Occasionally, one has a good day where one is able to miss the maximum pot holes, overtake a rickie who is floating along looking for passengers with minimum risk involved, and manage to get past a signal that just turned red leaving the rest behind. On better days one can decisively score over speed-n-screech kind of drivers who, in my observation, invariably drive smoky Yamahas. These types maintain a speed of 80 Kmph between obstacles which are 5 meters apart and they love to burn rubber so very often. These are days of mixed emotions, tiny victories and negligible losses.

On the best days though, which occurs once in several light years, there are rickshaw strikes, the roads are laid out like a dream, hope floats, and you wish you had that Hayabusa instead of your fuel efficient bike. The day passes in a haze of bliss nevertheless.

Expressways are a different ball game. The upmarket vehicles disappear in a blur in the right most lane, while the Indigos, Taveras and Omni’s zip along in the middle lanes. You can either be content where you are or chew your brains in frustration at the BMW that just went by. Or better convince yourself how fast you car travels compared to the huge trailers in the last lane. You meet some nuts sometimes, in Indicas or i10s, tiny cars who roar by in the fastest lane. The roar is more due to the overload that the engine is taking at such high speeds than the roar of pride at achieving it. You can only chuckle at such folks and find solace in your much safer driving practice.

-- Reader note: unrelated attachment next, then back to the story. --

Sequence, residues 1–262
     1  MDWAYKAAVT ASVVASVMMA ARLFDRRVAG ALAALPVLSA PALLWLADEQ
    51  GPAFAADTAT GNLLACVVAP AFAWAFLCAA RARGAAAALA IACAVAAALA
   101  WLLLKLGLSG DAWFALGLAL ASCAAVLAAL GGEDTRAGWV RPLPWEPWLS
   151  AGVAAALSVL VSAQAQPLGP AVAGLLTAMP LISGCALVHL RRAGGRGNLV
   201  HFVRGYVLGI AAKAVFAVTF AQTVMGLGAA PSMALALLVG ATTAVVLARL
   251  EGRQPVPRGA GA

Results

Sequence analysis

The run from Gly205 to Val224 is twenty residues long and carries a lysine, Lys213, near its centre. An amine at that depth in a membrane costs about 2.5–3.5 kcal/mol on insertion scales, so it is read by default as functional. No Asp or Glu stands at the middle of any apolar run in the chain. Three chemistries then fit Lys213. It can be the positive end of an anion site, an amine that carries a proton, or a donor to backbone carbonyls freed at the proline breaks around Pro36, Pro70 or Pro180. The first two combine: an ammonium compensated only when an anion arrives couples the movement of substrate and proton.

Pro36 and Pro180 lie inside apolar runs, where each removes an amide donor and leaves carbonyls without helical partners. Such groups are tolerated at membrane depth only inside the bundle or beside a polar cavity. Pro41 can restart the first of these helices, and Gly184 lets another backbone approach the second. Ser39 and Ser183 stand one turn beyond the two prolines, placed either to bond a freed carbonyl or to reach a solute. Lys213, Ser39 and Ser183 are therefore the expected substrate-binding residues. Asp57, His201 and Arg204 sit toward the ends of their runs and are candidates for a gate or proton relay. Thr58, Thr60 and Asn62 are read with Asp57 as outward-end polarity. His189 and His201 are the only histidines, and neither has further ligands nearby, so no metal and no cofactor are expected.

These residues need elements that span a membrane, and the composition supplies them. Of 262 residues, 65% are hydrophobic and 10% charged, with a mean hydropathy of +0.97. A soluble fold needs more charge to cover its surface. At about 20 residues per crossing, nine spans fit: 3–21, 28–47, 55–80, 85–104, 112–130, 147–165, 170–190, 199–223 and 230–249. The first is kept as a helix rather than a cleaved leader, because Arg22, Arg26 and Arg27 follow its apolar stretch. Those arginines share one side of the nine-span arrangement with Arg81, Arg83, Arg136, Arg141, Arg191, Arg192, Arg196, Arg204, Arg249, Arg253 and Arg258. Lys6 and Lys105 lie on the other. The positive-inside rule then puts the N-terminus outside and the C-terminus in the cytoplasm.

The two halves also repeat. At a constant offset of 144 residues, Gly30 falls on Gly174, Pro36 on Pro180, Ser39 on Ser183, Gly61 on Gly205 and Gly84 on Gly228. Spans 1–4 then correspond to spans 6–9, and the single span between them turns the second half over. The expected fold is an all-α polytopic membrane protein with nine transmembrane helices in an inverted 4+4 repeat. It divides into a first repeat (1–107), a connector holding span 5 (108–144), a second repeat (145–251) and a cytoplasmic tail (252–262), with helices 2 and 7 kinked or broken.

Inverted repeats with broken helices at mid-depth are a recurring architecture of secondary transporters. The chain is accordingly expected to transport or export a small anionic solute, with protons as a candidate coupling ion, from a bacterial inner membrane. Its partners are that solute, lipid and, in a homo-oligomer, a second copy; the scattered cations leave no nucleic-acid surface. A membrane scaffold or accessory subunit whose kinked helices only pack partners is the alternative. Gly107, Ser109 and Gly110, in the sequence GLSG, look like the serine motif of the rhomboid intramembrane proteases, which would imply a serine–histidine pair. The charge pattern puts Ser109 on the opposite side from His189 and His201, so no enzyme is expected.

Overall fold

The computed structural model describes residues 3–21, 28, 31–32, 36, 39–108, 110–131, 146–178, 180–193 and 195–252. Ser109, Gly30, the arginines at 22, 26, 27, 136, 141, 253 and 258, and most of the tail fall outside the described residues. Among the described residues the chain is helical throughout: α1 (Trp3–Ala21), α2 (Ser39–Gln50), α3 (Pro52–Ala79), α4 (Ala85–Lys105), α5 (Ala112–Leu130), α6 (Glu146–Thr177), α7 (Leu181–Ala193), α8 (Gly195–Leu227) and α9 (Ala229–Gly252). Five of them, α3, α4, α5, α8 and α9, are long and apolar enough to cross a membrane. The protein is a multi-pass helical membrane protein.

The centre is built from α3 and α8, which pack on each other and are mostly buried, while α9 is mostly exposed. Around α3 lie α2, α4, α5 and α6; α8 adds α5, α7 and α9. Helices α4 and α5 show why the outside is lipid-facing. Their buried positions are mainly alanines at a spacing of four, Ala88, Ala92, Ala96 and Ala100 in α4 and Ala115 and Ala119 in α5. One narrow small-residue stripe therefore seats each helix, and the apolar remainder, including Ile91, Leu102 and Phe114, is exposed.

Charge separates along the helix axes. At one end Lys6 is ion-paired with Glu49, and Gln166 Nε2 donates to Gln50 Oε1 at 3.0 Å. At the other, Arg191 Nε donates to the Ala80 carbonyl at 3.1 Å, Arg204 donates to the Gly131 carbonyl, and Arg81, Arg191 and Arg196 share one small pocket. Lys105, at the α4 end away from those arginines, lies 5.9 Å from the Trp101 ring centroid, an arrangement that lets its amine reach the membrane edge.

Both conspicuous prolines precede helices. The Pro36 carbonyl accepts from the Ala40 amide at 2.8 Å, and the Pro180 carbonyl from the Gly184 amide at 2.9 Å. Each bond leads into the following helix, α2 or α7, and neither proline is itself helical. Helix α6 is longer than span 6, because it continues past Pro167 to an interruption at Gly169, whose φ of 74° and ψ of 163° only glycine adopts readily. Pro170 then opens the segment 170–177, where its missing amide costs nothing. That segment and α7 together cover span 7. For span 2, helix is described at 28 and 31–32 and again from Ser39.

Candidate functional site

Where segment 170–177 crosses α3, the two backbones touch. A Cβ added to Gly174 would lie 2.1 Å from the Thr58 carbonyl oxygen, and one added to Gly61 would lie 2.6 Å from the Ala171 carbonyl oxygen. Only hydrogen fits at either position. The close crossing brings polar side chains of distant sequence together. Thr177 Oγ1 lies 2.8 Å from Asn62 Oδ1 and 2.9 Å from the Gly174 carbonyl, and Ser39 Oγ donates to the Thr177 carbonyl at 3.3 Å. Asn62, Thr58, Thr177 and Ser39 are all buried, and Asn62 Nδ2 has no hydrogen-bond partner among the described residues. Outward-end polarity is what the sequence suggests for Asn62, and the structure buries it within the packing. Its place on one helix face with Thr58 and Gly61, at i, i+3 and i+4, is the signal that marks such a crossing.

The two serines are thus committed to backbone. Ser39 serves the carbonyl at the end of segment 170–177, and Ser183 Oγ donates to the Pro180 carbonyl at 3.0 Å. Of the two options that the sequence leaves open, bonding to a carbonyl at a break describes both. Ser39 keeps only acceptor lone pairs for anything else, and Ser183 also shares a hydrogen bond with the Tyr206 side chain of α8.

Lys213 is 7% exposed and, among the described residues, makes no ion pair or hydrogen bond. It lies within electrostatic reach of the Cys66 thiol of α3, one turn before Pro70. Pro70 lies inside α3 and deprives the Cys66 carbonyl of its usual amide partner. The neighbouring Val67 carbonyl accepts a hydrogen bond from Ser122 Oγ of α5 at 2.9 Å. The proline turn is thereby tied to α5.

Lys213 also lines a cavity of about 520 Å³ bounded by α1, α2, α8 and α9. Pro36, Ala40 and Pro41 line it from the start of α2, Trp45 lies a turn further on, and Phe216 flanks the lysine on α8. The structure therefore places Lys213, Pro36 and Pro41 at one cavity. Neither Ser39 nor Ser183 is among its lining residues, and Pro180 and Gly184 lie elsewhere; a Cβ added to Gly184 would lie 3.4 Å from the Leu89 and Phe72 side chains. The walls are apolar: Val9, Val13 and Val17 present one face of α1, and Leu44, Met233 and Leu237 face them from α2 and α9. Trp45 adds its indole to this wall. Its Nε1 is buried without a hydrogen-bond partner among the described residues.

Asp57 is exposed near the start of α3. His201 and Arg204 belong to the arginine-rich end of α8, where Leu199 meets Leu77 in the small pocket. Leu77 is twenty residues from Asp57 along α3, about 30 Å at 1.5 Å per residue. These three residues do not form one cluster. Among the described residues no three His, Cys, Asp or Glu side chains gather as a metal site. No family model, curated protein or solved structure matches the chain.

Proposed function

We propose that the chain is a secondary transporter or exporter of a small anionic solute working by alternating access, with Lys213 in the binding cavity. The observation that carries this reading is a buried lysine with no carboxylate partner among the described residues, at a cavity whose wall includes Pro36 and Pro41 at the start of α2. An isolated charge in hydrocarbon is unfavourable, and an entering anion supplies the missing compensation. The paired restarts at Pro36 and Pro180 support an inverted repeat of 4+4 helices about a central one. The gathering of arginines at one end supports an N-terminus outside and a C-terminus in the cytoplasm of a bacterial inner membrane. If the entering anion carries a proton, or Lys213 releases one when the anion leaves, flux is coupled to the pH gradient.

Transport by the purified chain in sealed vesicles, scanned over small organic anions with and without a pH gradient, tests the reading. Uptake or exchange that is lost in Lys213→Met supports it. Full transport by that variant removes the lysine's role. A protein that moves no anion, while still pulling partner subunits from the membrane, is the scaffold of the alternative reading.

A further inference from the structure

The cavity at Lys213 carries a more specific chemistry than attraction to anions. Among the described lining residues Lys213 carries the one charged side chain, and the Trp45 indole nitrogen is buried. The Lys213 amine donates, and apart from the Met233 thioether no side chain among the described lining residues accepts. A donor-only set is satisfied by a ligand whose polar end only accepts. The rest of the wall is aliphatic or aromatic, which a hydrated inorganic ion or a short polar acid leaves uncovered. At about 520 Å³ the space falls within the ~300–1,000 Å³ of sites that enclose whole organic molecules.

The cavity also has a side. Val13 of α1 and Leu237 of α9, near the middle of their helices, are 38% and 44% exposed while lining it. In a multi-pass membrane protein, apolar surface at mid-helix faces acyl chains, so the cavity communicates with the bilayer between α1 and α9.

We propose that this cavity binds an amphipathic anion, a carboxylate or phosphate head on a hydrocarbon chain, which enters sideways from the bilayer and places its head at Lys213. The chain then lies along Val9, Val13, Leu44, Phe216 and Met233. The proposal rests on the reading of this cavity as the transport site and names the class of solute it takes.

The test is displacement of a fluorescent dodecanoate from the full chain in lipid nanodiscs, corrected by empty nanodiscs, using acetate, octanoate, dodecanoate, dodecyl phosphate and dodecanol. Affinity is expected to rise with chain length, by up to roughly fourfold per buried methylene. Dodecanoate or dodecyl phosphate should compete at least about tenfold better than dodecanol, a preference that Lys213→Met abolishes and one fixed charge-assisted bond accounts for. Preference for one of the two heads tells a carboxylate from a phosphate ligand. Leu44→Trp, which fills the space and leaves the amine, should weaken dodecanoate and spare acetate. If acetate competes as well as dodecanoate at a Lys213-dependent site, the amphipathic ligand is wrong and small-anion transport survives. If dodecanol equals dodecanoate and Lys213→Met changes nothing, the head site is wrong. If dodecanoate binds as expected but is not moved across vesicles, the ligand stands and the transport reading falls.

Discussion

The typical highways all over India are in mountainous terrain and by that virtue are very narrow.

I have yet to see a more disciplined lot than the army truck drivers in Leh and the bus drivers in the Gadhwal Kumaon region as well as in Sikkim. It takes immense patience, skill and a vicarious selflessness to drive like that. Not a honk or a squeak can be heard from those souls as they wait for several long minutes to let heavy vehicles pass or give priority to Army convoys.

Or for hours while a landslide or a layer of 6 feet thick snow gets cleared.

From Pune to Leh to Sikkim, each to his own I guess!